It’s become a maxim, if not cliché, that life and business as we knew them pre-COVID will never return completely to that state. Some significant areas, like consumer spending and shopping habits, may be permanently altered, according to recent surveys.
The question is, how have consumer habits changed, and which changes will stick? The answers vary somewhat based on which source you consult and believe. Regardless, they could spill over into pet food, even as the market continues to thrive.
Anxiety and health concerns impacting purchases
“Half of all global consumers say their spending habits have changed permanently due to the pandemic,” read the stark headline from one of the recent reports, based on a changing consumer priorities study conducted by AlixPartners, a business consulting firm. “A year and counting of profound disruption to normal life has had a lasting impact on how people around the world live and act,” a statement continued.
Specifically, among more than 7,000 consumers from nine countries polled in late January 2021, an average of 48% said COVID-19 has changed their buying habits permanently. The countries represented include China, France, Germany, Italy, Japan, Saudi Arabia, Switzerland, U.K. and U.S., and the lasting change in behavior ranged from 40% in Saudi Arabia to 60% in Japan. In the U.S., it was at 43%.
Looking at 15 consumer sectors, AlixPartners mapped against what they call two main consumer anxieties: health (mental and physical) and finances. They then segmented consumers into cohorts, including most anxious (highly concerned about both health and finances) and health concerned (more concerned about health than finances.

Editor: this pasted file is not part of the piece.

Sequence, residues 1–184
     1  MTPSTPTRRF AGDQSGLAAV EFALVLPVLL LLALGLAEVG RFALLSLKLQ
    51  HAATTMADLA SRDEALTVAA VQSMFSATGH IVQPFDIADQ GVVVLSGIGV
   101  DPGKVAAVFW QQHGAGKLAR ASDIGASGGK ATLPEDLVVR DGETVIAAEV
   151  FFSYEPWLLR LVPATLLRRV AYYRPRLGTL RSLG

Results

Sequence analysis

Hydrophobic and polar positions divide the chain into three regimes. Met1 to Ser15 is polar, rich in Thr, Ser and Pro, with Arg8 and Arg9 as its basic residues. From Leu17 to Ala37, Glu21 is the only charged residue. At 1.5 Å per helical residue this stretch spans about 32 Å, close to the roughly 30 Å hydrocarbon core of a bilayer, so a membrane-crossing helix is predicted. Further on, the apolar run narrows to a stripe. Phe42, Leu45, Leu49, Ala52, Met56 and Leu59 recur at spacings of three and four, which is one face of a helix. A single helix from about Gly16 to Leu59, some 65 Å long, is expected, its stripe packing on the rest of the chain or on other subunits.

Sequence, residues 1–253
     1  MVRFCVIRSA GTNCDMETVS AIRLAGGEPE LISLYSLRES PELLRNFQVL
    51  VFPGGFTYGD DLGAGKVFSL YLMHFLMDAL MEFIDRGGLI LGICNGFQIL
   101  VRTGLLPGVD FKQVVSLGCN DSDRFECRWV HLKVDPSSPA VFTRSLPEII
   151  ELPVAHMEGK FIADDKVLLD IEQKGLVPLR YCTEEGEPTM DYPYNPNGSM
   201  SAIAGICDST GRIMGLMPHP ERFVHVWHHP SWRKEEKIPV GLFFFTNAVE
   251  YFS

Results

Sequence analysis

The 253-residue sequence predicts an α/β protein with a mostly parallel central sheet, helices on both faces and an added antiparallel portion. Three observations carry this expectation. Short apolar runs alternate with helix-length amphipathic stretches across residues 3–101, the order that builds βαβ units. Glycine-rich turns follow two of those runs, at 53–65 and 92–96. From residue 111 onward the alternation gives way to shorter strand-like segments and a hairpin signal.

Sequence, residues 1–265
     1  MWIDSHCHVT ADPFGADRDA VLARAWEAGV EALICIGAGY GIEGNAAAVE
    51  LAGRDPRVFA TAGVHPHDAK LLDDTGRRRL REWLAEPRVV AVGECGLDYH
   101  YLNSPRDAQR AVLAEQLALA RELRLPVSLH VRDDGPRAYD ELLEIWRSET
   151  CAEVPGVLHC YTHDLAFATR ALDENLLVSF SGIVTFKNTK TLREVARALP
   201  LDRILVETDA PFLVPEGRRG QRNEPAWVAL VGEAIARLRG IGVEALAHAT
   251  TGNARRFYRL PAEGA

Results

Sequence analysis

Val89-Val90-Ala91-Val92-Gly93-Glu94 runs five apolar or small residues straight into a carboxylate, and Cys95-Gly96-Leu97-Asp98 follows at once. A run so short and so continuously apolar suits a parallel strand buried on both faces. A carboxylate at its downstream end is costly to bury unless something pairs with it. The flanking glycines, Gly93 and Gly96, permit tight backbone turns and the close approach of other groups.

Perhaps not surprisingly, consumers in those groups exhibited the most significant and permanent changes in purchasing behavior, the report said. The most anxious consumers showed up in each of the nine countries, led by the U.S. at 44%, followed by France (38%), Saudi Arabia (37%), Italy (35%), Germany (33%), the U.K. (32%), Japan (31%), China (31%) and Switzerland (28%). In terms of health, 29% of consumers in the U.S. reported being extremely or very concerned about physical health, while 28% said they were extremely or very concerned about mental health.
You can download the full report to learn details about the purchasing changes among each group. In general, the research shows:
- Restaurant dining and travel will be the slowest to return back to pre-COVID levels.
- Despite e-commerce growth and its projected likelihood to last, many consumers have found the shift to online channels challenging (especially for buying categories like groceries).
- A large percentage of consumers have grown more concerned about the environment—a finding popping up in other research.
Looking for value, yet still brand loyal to some degree
Another study, from NielsenIQ, found an even higher percentage of consumers globally, nearly 70%, have changed the way they buy categories and brands, though this research didn’t seem to look at how permanent the changes may be. Also conducted in early 2021, among consumers representing 16 countries, this study’s findings are similarly best summed up in the report headline: “Consumers are looking for value, but it’s not a race to the bottom.”